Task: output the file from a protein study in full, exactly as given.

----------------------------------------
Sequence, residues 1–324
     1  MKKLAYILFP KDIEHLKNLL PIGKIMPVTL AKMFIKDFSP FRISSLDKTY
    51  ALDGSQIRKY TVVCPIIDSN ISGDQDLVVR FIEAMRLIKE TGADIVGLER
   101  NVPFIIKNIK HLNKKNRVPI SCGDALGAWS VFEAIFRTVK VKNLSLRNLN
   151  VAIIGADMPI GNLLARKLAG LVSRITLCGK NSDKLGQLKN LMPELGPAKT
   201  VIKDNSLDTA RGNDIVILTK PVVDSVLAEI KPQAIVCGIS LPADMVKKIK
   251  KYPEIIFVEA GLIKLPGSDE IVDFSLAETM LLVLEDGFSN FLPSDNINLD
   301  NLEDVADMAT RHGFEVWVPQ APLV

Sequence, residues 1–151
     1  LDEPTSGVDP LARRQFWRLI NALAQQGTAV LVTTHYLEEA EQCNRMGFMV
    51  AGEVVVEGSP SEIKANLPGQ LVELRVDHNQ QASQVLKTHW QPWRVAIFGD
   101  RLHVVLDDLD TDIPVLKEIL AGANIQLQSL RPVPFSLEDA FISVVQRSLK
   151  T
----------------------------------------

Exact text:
Sequence, residues 1–324
     1  MKKLAYILFP KDIEHLKNLL PIGKIMPVTL AKMFIKDFSP FRISSLDKTY
    51  ALDGSQIRKY TVVCPIIDSN ISGDQDLVVR FIEAMRLIKE TGADIVGLER
   101  NVPFIIKNIK HLNKKNRVPI SCGDALGAWS VFEAIFRTVK VKNLSLRNLN
   151  VAIIGADMPI GNLLARKLAG LVSRITLCGK NSDKLGQLKN LMPELGPAKT
   201  VIKDNSLDTA RGNDIVILTK PVVDSVLAEI KPQAIVCGIS LPADMVKKIK
   251  KYPEIIFVEA GLIKLPGSDE IVDFSLAETM LLVLEDGFSN FLPSDNINLD
   301  NLEDVADMAT RHGFEVWVPQ APLV

Sequence, residues 1–151
     1  LDEPTSGVDP LARRQFWRLI NALAQQGTAV LVTTHYLEEA EQCNRMGFMV
    51  AGEVVVEGSP SEIKANLPGQ LVELRVDHNQ QASQVLKTHW QPWRVAIFGD
   101  RLHVVLDDLD TDIPVLKEIL AGANIQLQSL RPVPFSLEDA FISVVQRSLK
   151  T